I took a few hours today to get the small hairdryers installed.
In order to have a convenient switch to activate the hairdryers, I hijacked the defroster knob switch. I was lucky enough to have this option on my car. The wires from the defroster knob sit in their own plastic tube, so it was easy to find the yellow/red wire going towards the center wiring column of the car under the clutch pedal. This wire provides 12V when activated, just the thing I need to fire up the 12V DC relay.
Here's the travel hair-dryer attached to the heater intake on the passenger side of the car. The coupling is just short enough to let the hairdryer not interfere with the hood spring. The pipe clamps make the whole thing very snug.
Here's the DC relay mounted on the firewall just behind the middle battery box above the foot pedals. I used two 10-32 rivnuts to bolt this thing in. The two hair-dryers are tied into the terminals on the left. The negative battery cable is on the lower right (black wires) and the upper right comes from the positive battery post in the fuel compartment with an inline 10 amp blade fuse.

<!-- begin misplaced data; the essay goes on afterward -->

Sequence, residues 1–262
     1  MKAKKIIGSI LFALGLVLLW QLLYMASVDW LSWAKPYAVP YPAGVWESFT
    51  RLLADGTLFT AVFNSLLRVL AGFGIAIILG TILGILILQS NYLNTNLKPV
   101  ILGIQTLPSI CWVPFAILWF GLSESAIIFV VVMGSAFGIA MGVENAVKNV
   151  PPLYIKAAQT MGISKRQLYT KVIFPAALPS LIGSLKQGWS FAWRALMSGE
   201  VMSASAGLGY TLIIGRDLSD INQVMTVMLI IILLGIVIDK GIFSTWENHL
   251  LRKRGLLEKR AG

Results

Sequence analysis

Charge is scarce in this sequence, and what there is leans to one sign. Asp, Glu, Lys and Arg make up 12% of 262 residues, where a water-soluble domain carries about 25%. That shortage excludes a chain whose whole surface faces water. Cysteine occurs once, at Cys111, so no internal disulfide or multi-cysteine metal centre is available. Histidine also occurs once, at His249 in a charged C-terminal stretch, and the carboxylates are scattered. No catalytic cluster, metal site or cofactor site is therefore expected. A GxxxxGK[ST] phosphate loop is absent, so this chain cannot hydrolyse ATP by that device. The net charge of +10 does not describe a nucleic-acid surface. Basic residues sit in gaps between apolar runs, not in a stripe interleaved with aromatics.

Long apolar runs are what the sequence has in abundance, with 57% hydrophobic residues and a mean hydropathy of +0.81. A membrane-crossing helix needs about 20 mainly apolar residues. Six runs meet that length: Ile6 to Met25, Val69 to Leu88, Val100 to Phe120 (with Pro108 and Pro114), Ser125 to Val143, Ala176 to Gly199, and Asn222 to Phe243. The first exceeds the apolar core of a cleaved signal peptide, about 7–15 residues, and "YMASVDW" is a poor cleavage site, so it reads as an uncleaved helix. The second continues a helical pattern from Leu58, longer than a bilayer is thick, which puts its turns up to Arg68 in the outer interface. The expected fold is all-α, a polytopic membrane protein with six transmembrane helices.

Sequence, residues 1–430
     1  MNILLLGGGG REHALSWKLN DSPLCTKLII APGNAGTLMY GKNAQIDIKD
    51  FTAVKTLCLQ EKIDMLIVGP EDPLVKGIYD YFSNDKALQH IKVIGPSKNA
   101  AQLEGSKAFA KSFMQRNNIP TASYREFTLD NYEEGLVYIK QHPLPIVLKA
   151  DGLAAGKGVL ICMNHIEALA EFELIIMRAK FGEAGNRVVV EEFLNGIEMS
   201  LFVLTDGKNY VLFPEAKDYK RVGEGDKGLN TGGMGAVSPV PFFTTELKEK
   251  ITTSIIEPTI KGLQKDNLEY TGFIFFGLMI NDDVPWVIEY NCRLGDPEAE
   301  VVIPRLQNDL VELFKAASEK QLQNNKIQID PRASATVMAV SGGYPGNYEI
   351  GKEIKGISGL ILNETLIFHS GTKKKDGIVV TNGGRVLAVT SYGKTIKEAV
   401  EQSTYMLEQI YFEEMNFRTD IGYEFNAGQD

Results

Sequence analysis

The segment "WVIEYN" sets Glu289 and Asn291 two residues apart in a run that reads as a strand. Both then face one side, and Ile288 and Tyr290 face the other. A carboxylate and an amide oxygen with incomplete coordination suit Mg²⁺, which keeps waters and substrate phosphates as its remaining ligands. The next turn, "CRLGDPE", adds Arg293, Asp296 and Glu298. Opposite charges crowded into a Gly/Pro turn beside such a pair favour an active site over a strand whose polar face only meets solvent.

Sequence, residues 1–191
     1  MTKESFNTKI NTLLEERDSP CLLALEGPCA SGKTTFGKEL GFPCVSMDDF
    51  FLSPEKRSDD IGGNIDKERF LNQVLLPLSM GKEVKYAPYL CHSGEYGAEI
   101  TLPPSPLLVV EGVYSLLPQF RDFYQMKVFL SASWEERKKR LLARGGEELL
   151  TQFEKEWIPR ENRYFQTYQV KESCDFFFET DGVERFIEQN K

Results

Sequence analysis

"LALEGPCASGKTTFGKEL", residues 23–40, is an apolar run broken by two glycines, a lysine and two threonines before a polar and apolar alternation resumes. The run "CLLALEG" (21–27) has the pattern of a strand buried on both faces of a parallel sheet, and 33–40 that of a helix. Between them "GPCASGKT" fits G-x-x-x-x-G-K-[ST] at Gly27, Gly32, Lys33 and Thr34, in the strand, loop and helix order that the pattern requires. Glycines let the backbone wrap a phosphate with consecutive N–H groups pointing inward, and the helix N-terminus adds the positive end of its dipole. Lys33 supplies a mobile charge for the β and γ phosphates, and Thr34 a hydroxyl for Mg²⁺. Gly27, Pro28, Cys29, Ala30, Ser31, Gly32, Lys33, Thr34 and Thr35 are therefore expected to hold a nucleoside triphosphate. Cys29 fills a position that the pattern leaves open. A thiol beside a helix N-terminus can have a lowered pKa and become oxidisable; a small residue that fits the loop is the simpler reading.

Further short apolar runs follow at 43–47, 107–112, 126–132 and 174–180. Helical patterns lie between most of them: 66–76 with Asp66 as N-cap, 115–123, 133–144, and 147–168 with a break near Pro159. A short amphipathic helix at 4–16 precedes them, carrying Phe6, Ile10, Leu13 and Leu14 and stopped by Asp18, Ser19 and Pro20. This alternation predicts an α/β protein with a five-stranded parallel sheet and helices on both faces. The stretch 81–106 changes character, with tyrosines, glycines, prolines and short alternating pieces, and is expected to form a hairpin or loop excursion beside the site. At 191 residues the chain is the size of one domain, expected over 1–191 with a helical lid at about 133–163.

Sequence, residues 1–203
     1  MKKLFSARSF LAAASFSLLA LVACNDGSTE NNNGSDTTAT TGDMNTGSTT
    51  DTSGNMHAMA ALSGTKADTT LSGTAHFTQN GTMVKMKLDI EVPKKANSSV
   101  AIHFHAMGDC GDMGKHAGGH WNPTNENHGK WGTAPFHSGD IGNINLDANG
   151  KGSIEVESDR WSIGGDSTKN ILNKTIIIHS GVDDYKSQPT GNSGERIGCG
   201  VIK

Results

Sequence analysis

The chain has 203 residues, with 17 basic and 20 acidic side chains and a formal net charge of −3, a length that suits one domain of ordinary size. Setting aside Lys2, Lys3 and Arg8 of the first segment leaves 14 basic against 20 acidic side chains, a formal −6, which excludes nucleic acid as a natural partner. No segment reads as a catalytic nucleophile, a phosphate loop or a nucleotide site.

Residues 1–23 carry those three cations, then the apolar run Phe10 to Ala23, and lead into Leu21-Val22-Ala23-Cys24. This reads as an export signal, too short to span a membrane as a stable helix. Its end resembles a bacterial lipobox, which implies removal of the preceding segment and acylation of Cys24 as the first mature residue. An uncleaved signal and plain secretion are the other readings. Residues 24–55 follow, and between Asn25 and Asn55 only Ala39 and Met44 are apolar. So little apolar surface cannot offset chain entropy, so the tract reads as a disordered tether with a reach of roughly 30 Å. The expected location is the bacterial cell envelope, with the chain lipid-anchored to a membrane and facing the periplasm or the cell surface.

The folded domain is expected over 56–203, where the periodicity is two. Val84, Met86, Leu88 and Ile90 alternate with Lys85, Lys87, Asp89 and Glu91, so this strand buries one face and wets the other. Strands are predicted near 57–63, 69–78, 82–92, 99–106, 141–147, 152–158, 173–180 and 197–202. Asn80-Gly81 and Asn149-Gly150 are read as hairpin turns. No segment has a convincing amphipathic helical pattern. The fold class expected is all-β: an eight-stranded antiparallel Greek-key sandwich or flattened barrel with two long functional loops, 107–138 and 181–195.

Remember the yellow/red wire from under the dash in the top picture? It's tied into the top coil terminal on the relay here. Since the chassis of the car is ground, I simply tied the bottom coil terminal to the mounting bolt (small blue wire).
For testing, I started with one hair dryer on the "low" setting with 5-amp fuse. It ran well (albeit loudly) and provided a slight warming into the cockpit. If I put the hairdryer on "high," the 5-amp fuse blows immediately. The hairdryer is very loud on "high" so I put both hair dryers on their "low" settings and used a 10-amp fuse. I suppose in desperate move to heat the cockpit, I could put in a 20-amp fuse and run one hair dryer on "high" since the high setting pulls about 15 amps. I'll try the "low" settings for now and see how it goes.
Next up: experimenting with an optocoupler to capture voltage for the "fuel gauge"